Tuesday, May 26, 2020

Karenism Isn't Communism But It Sucks Just The Same....,



detroitnews |  “It’s just heartbreaking,” said Maehr, executive director of the Greater Chicago Food Depository. “They’re finding themselves in a set of circumstances where they have no income and they also have no food, and it happened in an instant.”

The number of people seeking help from her organization and affiliated food pantries has surged 60% since the start of the coronavirus pandemic, which has shut down the nation’s economy and thrown tens of millions of people out of work. Across the country, worries about having enough to eat are adding to the anxiety of millions of people, according to a survey that found 37% of unemployed Americans ran out of food in the past month and 46% said they worried about running out.

Even those who are working often struggle. Two in 10 working adults said that in the past 30 days, they ran out of food before they could earn enough money to buy more. One-quarter worried that would happen.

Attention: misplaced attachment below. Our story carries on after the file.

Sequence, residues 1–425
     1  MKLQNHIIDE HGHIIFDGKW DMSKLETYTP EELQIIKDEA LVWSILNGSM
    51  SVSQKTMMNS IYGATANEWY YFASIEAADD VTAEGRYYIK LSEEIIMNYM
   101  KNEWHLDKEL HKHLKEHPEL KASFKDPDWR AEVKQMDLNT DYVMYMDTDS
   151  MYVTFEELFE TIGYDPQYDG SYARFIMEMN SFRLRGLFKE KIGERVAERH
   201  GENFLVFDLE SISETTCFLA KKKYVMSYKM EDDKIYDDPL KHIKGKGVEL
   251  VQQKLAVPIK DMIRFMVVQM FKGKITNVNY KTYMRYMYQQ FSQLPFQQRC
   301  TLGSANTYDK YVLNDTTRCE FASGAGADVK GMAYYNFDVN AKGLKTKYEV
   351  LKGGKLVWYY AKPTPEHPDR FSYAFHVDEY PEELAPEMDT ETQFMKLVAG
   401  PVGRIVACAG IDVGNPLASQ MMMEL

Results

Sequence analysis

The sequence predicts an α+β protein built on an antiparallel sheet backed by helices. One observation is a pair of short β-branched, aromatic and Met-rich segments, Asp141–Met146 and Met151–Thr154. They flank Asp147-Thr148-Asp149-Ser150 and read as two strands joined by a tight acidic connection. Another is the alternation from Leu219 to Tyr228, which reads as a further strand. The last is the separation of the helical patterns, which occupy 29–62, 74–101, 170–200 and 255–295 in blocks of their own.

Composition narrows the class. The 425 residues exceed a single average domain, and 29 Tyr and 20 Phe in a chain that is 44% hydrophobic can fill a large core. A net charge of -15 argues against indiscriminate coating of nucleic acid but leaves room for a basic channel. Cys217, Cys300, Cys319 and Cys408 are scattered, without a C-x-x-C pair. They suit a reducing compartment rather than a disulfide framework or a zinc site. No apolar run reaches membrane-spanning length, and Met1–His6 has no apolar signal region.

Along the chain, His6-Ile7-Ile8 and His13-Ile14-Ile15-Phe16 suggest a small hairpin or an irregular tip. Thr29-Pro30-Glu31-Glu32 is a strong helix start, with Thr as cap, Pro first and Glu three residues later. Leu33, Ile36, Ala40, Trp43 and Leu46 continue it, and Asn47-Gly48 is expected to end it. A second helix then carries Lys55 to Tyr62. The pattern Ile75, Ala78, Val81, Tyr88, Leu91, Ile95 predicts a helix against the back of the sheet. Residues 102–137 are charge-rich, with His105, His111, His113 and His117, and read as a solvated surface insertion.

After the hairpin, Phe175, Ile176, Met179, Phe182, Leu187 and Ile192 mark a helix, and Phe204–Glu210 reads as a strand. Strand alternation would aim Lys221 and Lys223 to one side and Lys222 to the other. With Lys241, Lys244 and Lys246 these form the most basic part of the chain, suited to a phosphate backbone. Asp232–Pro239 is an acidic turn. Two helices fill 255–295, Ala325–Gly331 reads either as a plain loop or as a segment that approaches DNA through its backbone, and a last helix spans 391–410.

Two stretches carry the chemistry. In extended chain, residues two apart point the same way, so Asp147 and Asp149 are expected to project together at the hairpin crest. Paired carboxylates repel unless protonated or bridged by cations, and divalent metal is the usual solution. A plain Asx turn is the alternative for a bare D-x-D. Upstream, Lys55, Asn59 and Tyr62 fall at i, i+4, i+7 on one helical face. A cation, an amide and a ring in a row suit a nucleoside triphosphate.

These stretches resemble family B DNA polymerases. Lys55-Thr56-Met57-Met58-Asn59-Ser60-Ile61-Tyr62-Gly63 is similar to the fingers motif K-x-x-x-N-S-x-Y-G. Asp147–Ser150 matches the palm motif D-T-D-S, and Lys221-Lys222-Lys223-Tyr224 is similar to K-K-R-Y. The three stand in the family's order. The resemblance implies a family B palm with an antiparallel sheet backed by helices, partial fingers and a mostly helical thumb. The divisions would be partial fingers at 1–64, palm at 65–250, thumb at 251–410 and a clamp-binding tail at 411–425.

Those results come from the second wave of the COVID Impact Survey, conducted by NORC at the University of Chicago for the Data Foundation. The survey aims to provide an ongoing assessment of the nation’s mental, physical and financial health during the pandemic.

There is no parallel in U.S. history for the suddenness or severity of the economic collapse, which has cost more than 36 million jobs since the virus struck. The nationwide unemployment rate was 14.7% in April, the highest since the Great Depression. While many Americans believe they will be working in the coming months, unemployed Americans – those most likely to report running out of food – aren’t as optimistic.

Overall, those who are still working are highly confident they will have a job in one month and in three months, with more than 8 in 10 saying it’s very likely. But among those who aren’t working because they are temporarily laid off, providing care during the pandemic or looking for work, just 28% say it is highly likely that they will be employed in 30 days and 46% say it’s highly likely they’ll be working in three months. Roughly another quarter say it’s somewhat likely in 30 days and 90 days.

The likelihood of unemployed people returning to work depends heavily on whether states can restart their economies without creating new surges in COVID-19 infections, said Gabriel Ehrlich, an economic forecaster at the University of Michigan. He said most layoffs are expected to be temporary. But he worries that many small businesses will fail while fewer new ones take their place, and that state and local governments won’t get federal help to avoid furloughs.